As medical workers shared news of Shen's activities, meal orders arrived from 16 hospitals in Wuhan, including those designated for patients infected with the coronavirus. At the peak, the number of orders hit 1,000.

Shen said the cooks got up at 7 am every day to prepare lunches, while 13 volunteer drivers stood by at 10:30 am to make deliveries.

"Hospital canteens were unable to fully supply the overwhelmed medical personnel, who barely had time to eat. So, we shouldered part of the burden for them," Shen said, adding that the group provided two meat dishes and a vegetable dish for each person per meal, ensuring that the medics got a balanced diet.

To avoid possible transmission, the medical workers usually came out of the hospital gates to pick up the meals from Shen and other volunteers.

"One time, a doctor asked me to place the meals in the middle of the street and drive away before he came to pick them up. Some of his colleagues had become infected and he didn't want to put me at risk," Shen said.

Li Huici, an official at Yongqing in Jiang'an district, the community in which Shen's company is based, said the neighborhood office donated 400 face masks and 20 protective gowns to support the volunteer work.

Shen's deliveries ended on Feb 1, because all the foodstuffs he had in store had been consumed and market suppliers had suspended operations for the holiday period.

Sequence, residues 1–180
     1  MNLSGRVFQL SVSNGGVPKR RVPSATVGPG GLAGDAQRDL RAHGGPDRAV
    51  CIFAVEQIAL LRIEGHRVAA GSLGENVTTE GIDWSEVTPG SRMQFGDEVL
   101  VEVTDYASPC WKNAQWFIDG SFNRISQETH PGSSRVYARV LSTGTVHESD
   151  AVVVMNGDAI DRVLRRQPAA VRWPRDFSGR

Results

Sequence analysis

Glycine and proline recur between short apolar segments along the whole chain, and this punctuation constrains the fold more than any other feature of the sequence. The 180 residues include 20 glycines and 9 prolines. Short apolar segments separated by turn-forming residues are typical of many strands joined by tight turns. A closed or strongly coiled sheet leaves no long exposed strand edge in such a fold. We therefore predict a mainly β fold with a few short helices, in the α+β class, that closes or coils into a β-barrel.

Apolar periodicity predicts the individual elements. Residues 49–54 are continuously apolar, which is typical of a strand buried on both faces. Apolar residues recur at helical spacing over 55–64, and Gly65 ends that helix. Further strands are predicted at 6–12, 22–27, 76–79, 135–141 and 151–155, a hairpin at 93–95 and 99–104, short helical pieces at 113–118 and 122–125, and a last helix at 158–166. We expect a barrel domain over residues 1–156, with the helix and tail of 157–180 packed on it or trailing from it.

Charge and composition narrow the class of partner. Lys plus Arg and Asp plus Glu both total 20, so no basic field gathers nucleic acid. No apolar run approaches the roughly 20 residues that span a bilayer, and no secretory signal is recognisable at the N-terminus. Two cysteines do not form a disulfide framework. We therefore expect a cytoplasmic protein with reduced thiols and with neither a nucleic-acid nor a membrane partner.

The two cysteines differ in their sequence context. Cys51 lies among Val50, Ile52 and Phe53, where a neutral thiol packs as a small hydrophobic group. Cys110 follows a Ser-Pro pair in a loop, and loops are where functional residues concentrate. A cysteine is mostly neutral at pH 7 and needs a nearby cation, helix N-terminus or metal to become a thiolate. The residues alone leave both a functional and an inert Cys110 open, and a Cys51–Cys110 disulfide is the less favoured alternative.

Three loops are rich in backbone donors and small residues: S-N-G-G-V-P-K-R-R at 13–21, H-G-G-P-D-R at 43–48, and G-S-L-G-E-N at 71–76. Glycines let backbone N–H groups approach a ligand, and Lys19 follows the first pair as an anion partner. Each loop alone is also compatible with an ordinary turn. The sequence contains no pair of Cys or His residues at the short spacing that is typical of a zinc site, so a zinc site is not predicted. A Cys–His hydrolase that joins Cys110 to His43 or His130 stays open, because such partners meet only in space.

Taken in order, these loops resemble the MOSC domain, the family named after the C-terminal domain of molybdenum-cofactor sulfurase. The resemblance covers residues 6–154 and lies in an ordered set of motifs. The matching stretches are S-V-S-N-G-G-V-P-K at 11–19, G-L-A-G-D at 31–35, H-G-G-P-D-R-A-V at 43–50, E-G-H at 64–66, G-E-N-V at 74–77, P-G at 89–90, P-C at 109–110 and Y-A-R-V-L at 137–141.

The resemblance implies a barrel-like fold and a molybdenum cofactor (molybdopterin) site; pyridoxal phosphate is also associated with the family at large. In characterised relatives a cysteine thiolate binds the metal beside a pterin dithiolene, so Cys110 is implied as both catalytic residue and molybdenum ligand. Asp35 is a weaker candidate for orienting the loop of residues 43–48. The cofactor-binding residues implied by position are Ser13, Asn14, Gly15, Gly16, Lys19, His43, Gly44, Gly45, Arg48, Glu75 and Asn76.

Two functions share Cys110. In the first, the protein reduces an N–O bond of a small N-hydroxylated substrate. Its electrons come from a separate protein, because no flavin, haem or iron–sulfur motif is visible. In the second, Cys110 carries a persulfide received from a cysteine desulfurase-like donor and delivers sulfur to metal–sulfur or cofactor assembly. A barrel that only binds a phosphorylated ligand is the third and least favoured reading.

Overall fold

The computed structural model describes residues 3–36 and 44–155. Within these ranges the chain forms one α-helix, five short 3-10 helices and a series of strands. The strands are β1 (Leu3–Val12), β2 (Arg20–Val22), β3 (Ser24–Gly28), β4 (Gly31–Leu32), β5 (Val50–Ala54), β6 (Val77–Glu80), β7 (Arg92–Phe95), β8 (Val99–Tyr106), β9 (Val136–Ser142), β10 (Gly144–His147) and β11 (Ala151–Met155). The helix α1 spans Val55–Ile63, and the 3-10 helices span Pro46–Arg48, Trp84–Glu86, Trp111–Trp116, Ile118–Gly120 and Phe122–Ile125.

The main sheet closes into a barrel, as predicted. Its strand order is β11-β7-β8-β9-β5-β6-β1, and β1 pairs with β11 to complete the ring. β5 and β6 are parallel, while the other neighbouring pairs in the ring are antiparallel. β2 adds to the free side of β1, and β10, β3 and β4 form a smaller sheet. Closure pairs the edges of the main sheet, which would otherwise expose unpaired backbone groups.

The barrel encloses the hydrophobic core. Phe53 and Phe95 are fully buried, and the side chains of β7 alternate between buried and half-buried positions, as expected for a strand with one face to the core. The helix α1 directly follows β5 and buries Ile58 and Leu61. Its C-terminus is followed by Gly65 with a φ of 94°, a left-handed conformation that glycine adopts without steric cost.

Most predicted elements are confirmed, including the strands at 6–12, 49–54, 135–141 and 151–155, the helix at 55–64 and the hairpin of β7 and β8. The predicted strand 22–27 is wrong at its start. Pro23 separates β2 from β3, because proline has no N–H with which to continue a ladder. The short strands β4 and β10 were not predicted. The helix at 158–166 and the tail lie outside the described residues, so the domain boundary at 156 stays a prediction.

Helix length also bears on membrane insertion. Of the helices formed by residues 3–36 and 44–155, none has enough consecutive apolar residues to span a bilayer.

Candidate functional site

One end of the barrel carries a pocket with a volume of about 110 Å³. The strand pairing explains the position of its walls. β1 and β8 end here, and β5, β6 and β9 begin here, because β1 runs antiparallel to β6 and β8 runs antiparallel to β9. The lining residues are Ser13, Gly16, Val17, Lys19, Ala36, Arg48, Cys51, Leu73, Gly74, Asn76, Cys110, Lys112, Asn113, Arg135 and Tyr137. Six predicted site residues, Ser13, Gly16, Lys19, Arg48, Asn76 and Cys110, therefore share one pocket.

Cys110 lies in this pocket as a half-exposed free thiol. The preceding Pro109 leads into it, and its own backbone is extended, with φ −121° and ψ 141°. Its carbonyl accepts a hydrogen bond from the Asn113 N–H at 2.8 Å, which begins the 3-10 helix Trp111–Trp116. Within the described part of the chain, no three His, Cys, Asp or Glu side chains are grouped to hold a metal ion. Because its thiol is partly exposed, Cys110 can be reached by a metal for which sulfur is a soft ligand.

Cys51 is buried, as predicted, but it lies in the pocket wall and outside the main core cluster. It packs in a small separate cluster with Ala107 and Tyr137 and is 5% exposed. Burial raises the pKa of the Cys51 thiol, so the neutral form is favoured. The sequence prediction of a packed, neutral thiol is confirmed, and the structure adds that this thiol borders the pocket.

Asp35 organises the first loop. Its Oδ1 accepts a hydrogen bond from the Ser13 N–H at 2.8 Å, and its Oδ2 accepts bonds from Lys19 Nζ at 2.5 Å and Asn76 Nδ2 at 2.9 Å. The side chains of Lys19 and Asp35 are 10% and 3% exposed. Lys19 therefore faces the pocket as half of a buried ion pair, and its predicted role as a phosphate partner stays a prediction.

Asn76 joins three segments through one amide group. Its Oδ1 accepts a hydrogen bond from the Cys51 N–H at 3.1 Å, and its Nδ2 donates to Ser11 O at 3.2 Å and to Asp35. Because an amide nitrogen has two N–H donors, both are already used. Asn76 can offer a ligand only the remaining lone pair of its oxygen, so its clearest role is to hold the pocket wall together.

One time, a doctor asked me to place the meals in the middle of the street and drive away before he came to pick them up. Some of his colleagues had become infected and he didn't want to put me at risk

Shen Zilong, owner of Danqingyan Catering Group

However, after Shen came up with the idea of free meal deliveries, other restaurants followed his lead and provided similar services.

"On our last delivery, we explained the situation to each hospital and shared the contact numbers of my colleagues in the industry with them, hoping they could maintain the service," Shen said.

He added that the medical workers were happy with the meals his group delivered, so he was trying to find a vegetable supplier to provide foodstuffs for his company.

On Feb 3, Zhang Yichi took a project engineer from Wuhan Railway Station to Leishenshan Hospital, which was built in the past two weeks to treat patients infected with the coronavirus.